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Flying Crane Helicopter

Helicopters have been found useful in both military and civil applications. Among the many uses that helicopters may serve, the helicopter due to its hovering capability has been found particularly suitable for use as a crane for lifting various types of structures both on land and offshore. In other applications, because of its maneuverability, the helicopter has been utilized and lift and transport cargo from one location to another.

The need for vertically lifting heavy or bulky loads and transporting them over long distances has far outgrown conventional devices whereby these loads may be raised from the ground, placed on vehicles, and moved to new sites. This is particularly true where lack of roads makes such operations very difficult or very expensive; for example, removing trees from forests to bring them to a logging site or to a sawmill. Other important uses include hauling cargo between ship and shore, moving large structures such as bridge segments, and transporting houses and other buildings, manufactured in factories, to specific sites.

In order to utilize a helicopter as a flying crane or a cargo transporting vehicle, a cargo hook has been provided on the underside of the helicopter's fuselage for engaging a loop at the end of a cable connected to the load to be transported by the helicopter. To minimize the impact of the cargo hook installation on the structural design of the helicopter, the cargo hook is usually mounted rigidly to the underside of the helicopter. Thus, a load that is lifted by a helicopter at the end of a line that is connected to a helicopter by a rigidly mounted cargo hook will impose forces on the helicopter that pass through the point of attachment at the bottom of the fuselage.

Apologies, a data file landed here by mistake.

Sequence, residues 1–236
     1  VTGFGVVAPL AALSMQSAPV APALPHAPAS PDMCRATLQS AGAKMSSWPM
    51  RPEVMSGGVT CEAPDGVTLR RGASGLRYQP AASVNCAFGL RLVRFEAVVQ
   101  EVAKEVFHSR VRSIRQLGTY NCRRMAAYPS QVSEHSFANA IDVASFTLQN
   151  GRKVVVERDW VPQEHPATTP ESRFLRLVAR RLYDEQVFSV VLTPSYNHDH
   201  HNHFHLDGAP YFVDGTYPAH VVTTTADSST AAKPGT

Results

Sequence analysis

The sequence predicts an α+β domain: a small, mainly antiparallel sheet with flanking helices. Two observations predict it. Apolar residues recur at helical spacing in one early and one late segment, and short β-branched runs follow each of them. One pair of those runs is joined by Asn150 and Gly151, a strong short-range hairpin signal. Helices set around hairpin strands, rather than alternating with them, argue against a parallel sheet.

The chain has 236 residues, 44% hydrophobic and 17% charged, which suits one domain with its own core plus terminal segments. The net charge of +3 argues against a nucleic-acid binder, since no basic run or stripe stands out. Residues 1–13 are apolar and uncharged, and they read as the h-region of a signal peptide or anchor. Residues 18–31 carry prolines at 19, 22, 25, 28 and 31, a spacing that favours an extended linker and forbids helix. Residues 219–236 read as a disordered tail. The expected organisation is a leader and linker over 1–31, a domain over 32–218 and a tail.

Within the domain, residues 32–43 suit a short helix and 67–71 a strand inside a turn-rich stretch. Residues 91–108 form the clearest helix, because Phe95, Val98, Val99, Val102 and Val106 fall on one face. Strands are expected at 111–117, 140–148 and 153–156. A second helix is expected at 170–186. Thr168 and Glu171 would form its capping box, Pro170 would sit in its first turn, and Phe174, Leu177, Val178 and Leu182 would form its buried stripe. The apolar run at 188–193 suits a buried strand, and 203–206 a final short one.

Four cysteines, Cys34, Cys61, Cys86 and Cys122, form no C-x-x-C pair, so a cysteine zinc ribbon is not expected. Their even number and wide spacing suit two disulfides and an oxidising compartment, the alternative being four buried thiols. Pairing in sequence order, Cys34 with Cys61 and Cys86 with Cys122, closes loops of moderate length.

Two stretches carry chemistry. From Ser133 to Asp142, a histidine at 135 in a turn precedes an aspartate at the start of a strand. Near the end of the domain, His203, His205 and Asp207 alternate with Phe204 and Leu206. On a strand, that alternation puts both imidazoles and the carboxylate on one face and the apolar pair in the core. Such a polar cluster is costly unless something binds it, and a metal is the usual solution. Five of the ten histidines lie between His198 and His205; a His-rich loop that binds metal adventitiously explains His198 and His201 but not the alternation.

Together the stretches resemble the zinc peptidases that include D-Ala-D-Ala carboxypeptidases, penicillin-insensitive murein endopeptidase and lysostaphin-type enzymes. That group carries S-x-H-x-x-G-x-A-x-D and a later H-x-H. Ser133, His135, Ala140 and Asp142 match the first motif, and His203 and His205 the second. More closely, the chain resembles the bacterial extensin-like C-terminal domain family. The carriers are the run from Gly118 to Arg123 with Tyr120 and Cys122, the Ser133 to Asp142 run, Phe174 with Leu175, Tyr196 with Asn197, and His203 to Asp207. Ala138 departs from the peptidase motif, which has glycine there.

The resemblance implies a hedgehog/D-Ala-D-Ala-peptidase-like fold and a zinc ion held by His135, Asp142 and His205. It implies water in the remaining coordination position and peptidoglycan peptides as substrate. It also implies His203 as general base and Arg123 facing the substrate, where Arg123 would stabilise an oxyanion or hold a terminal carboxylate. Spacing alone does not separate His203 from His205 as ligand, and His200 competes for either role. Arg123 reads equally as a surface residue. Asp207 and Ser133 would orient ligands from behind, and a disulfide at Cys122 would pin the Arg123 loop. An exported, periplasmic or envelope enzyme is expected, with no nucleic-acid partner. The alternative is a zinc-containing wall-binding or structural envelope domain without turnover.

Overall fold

A flying crane was generally visualized in the 1950s as a sort of heavy cargo unloader consisting of a skeleton fuselage, lift and power systems, and a pilot cab containing the flight and power controls. The flying crane's use would be to transport heavy pieces of materiel, rolling stock, engineer equipment, or large tonnages of bulk supplies.

Initially, the first Marine Corps requirement for a flying crane helicopter was submitted to the CNO on 21 November 1950. The primary mission envisioned was to transfer aircraft from replenishment class 55 or 105 carriers to the Midway class CVLs and smaller Independence class CVBs. Soon thereafter, on 27 December 1950, the CNO published a letter to all his departments setting up a requirement for the flying crane helicopter with the specification that it be capable of lifting a payload of 25,000 pounds over a radius of 10 miles.

Later in 1954, a Marine Corps Development Center study on helicopter requirements saw a need for a 20,000-pound payload XHCH-1 (Cargo Unloader Helicopter) to land the ONTOS (anti-tank weapon system) and 2-ton cargo trucks. The XHCH was then an experimental helicopter being built by McDonnell Aircraft Corporation in accordance with the CNO 's 1950 requirement, but it was never produced.